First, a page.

Biologic drugs as analgesics for the management of osteoarthritis

Research output: Contribution to journalArticlepeer-review

Authors

External organisations

  • Dudley Group NHS Foundation Trust
  • Russells Hall Hospital
  • University of Manchester
  • Department of Rheumatology, University Hospital, Lund, Sweden

Abstract

Background: Biologic drugs are novel therapeutic agents with demonstrated effectiveness in the management of a variety of chronic inflammatory disorders. Unmet needs in the treatment of chronic pain have led physicians to utilise a similar approach to patients suffering from conditions not characterised by systemic inflammation such as osteoarthritis (OA). The aim of this review is to discuss the current knowledge on the use of commonly used biologic agents (i.e. anti-tumour necrosis factor alpha (anti-TNF alpha) and anti-nerve growth factor (anti-NGF)) for the management of OA.
Methods: A narrative literature review of studies investigating the use of biologic agents for the management of osteoarthritis was conducted. We searched MEDLINE and EMBASE for English language publications. A hand-search of reference lists of relevant studies was also performed.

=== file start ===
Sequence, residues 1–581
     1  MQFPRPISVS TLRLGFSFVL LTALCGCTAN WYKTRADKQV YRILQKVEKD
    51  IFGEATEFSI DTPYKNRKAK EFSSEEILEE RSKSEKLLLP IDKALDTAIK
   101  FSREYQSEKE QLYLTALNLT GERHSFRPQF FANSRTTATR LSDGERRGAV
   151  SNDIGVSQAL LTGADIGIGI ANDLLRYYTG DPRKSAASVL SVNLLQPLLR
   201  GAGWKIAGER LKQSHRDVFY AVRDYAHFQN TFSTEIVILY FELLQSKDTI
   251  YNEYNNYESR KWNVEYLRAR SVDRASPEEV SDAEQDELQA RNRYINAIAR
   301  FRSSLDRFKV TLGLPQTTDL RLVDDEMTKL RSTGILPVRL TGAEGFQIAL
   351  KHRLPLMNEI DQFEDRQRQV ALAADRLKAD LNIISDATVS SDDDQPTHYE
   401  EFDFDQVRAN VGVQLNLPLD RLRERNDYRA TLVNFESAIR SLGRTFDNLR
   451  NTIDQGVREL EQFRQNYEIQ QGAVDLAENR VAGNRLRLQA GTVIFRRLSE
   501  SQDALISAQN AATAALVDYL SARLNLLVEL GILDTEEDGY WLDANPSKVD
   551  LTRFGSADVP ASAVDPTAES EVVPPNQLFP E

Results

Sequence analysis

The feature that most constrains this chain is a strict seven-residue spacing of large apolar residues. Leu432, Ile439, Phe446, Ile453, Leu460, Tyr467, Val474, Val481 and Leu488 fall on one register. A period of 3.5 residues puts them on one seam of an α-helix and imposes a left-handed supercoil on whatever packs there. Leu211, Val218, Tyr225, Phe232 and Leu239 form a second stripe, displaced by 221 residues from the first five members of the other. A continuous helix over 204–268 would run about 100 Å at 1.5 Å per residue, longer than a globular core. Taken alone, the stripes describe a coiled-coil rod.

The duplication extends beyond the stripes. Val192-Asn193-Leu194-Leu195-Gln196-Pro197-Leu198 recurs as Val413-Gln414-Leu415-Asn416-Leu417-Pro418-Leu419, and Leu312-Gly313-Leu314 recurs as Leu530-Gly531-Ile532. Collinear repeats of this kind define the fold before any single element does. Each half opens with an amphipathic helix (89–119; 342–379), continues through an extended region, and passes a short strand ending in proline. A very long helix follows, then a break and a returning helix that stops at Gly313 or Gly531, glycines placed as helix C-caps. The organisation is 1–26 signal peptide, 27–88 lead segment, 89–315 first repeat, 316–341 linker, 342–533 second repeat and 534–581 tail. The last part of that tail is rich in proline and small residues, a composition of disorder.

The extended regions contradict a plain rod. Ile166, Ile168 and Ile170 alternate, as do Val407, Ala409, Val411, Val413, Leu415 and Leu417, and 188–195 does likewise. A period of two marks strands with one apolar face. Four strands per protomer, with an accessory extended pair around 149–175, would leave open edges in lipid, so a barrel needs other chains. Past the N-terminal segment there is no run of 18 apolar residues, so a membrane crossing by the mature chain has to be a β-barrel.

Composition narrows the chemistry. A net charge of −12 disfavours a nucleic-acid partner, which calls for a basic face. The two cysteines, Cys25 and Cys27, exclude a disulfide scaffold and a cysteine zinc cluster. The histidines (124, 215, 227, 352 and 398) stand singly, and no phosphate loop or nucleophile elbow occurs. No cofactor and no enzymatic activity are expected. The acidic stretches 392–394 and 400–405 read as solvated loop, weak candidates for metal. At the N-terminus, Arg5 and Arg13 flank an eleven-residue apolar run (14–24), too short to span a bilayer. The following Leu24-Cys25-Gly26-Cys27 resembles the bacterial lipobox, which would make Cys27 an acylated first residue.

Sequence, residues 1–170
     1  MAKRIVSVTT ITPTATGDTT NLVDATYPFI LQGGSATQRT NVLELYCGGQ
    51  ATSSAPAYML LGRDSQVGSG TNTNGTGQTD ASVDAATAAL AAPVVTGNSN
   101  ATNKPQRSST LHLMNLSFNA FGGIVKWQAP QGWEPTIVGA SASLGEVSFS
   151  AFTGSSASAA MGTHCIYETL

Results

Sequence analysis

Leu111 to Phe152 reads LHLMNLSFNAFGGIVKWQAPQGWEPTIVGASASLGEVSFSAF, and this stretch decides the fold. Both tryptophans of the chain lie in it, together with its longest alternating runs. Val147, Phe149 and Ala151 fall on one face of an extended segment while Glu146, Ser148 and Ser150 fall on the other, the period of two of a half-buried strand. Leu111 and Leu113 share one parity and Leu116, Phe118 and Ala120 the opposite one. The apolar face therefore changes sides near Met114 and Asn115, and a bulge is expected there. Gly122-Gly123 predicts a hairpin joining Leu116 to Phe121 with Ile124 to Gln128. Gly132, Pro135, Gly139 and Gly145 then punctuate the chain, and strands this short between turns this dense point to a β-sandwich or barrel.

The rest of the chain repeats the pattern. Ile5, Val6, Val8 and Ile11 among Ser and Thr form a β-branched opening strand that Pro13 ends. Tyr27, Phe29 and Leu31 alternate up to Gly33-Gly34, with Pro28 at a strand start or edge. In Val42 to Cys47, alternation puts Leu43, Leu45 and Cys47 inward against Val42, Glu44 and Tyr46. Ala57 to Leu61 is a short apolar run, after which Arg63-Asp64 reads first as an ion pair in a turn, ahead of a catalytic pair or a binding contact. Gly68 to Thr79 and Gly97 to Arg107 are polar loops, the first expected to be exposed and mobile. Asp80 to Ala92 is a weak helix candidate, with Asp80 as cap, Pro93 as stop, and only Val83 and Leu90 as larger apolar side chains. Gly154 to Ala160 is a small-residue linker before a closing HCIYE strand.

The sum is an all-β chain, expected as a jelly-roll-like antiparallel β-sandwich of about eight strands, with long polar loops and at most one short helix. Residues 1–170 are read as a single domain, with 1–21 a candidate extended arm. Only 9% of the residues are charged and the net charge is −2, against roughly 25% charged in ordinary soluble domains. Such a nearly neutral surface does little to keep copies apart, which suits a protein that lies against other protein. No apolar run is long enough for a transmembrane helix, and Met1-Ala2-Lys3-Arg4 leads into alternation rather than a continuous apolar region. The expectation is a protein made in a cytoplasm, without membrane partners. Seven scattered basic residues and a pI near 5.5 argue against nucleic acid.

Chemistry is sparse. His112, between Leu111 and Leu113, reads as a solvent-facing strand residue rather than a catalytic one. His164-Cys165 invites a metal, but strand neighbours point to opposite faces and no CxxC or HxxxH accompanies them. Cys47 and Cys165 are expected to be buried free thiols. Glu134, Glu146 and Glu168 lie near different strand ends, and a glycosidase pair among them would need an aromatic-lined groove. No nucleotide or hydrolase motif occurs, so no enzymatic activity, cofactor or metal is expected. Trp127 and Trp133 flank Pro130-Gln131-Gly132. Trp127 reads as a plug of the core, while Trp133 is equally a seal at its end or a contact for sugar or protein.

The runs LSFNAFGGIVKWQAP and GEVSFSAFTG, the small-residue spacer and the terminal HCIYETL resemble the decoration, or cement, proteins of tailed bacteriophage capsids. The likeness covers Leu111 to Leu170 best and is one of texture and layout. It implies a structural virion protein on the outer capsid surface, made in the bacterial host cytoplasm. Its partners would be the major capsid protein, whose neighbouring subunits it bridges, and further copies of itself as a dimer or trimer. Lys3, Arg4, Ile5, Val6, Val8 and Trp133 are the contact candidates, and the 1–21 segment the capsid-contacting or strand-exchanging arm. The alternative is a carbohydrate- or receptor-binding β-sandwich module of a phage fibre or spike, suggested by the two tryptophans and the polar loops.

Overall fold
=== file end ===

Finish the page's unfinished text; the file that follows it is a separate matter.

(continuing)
Results: Current evidence does not support TNF-alpha inhibition for the management of OA, although a selected subgroup of these patients with a marked inflammatory profile may benefit from this therapy. Anti-NGF therapy has been shown to reduce pain and improve function compared to placebo and non-steroidal anti-inflammatory drugs in OA but concerns remain regarding the safety of such treatment. The discrepant results observed in RCTs of biologic agents may be related to heterogeneity, small sample sizes and differences in the mode of administration of these drugs.
Conclusion: Anti-NGF therapy is efficacious for pain in patients with hip and knee OA. Despite the fact that current data suggests that anti-cytokine treatments have limited efficacy in patients with chronic osteoarthitic pain, larger and better designed studies in more selected populations are justified to determine whether such therapeutic approaches can improve outcomes in this disabling condition where our medical treatment armamentarium is relatively poor.

Details

Original languageEnglish
Number of pages23
JournalSeminars in arthritis and rheumatism
Early online date5 Dec 2016
Publication statusE-pub ahead of print - 5 Dec 2016

Keywords

  • Anti-nerve growth factor , Anti-tumor necrosis factor alpha , Biologic drugs , Osteoarthritis